Cross Country NCAA

Bethanie Brown runs to 53rd-place finish at the NCAA Championship in Terre Haute, Ind. on Nov. 22. Brown was one of five ISU runners to place inside the top 70, helping the Cyclones to a runner-up finish. 

Understanding the NCAA cross-country qualifying system is as simple as counting to two and as difficult as figuring out which friends not to invite to a birthday party based on a limited number of invitations.

In order to earn an automatic bid to nationals, teams must finish inside the top two at one of the nine regional cross-country meets that will take place Friday. 

If a team does not earn one of the 18 automatic bids, it can still earn one of the 13 at-large bids. But instead of deciding who to invite based on who will bring the most presents, the selection committee chooses teams based on their performances throughout the season against the 18 automatic bids.

The selection committee begins the at-large process by analyzing the total wins of the third- and fourth-place finishers in each region. When a team is selected from a region as an at-large team, the committee moves the next team in that region into consideration.

So a team that finished fourth in its region meet can still earn an at-large bid if it has a high number of head-to-head wins against the 18 automatic bids in meets throughout the season. The twist is that the team that finished third in that region would automatically get invited as well through what the NCAA calls the "push process."

At all times throughout the selection process, the committee reviews no fewer than two teams from each region — with a total of 18 teams being reviewed for an at-large bid until 13 are selected — in order to identify any "push" situations. 

Once teams get selected, other teams that haven't been selected can add those teams to their win totals if they finished higher than them in a meet since the Sept. 9-11 weekend. 

"I've been one of those people who has advocated for some change, particularly qualifying for the regional meet," said Iowa State cross-country coach Grove-McDonough. "I just think it would make sense, it's the NCAA first round, I think you should have to qualify. And I think it's a nice stepping stone for teams that are a ways off from qualifying for the NCAAs.

"But at least then they get to say, 'Hey, maybe we didn't make it, maybe we're not good enough to make it but now we are,' and that's a step, rather than we're there and we all show up."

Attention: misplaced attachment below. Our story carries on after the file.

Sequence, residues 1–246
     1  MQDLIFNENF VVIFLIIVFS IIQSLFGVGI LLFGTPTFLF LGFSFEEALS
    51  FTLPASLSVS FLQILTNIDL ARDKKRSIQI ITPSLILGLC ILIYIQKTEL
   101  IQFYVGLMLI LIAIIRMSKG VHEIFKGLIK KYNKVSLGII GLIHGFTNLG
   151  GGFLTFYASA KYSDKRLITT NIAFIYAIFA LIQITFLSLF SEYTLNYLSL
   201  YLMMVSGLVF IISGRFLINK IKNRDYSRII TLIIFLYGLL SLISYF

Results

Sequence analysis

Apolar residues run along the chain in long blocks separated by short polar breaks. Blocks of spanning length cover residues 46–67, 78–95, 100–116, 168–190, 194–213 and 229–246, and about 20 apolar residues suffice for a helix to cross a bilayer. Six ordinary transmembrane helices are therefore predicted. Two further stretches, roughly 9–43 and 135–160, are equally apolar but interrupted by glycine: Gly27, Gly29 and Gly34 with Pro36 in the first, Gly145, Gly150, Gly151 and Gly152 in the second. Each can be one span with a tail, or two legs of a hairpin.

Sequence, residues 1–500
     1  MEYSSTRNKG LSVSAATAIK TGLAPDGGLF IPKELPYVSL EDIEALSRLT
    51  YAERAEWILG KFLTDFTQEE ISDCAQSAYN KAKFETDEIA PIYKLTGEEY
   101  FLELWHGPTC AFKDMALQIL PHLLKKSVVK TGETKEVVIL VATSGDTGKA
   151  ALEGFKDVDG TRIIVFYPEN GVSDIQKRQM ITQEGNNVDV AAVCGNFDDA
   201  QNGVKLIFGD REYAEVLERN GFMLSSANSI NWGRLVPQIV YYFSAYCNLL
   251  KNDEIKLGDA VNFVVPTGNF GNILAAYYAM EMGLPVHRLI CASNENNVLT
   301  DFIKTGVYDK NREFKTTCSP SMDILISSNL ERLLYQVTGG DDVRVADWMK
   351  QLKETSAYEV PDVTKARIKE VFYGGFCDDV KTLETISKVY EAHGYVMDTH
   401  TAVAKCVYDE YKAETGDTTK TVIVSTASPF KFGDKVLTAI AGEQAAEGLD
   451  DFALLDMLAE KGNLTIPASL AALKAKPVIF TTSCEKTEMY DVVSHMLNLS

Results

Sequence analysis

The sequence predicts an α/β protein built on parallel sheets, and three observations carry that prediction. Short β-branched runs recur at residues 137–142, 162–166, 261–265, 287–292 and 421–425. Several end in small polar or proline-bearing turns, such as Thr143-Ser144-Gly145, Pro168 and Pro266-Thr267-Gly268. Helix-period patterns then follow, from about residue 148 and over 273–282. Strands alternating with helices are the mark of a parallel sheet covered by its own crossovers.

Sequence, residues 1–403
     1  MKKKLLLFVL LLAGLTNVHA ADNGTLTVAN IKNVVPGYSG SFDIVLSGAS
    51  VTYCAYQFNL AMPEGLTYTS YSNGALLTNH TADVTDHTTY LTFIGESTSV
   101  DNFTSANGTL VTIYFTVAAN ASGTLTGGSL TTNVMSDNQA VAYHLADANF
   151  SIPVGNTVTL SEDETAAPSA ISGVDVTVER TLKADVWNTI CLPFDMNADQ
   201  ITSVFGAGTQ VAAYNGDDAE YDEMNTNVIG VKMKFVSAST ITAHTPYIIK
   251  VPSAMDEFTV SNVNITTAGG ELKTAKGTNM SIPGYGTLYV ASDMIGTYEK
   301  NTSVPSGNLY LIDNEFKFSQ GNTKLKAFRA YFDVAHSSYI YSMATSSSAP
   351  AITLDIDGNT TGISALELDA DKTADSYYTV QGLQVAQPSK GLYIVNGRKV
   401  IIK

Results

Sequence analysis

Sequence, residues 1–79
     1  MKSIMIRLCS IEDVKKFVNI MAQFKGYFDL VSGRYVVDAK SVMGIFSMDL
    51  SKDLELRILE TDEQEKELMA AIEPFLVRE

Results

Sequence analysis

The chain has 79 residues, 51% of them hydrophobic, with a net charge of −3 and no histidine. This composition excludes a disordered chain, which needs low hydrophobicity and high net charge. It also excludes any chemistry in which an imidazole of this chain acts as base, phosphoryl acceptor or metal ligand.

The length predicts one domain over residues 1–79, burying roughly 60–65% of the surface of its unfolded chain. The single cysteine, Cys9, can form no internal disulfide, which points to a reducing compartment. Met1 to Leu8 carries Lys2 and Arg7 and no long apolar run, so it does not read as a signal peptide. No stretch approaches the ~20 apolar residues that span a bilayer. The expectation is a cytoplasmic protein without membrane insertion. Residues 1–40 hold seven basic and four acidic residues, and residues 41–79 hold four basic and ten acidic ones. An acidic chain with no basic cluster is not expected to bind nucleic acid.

The current system allows teams to schedule meets that include more top-ranked competitors in an effort to catch some of those top teams on off days or early in the season when they may choose not to race some of their best runners.

"People get used to the system, the way it is and learn how to manage it effectively, learn how to take advantage of its maybe perceived weaknesses or loopholes or just play the system," Grove-McDonough said. "Go to bunch of big meets, chase some points and try to get into the NCAA meet [through] the backdoor."

Despite the team still needing to qualify, the No. 12-ranked Iowa State women's cross-country team remains focused on the NCAA Cross-Country Championship on Nov. 19 in Terre Haute, Indiana. 

"Regionals is obviously very important, but we actually had a pretty tough workout on Friday, so coach is telling us we might not feel super fresh for Friday's race," said sophomore Anne Frisbie, who is coming off a fourth-place finish at the Big 12 Championship. "But she said the bigger picture is nationals. That's the race she cares the most about."

Grove-McDonough said she is considering sitting one of her top five runners for Friday's Midwest Regional in Iowa City, but no decision has been finalized. The goal for the team is to finish inside the top two and earn an automatic bid, but Grove-McDonough is confident that even if the team doesn't, it will still have enough wins to earn an at-large bid. 

"If we sit one of those girls, with the full focus being on the NCAA meet, I think we're in good shape," Grove-McDonough said.  

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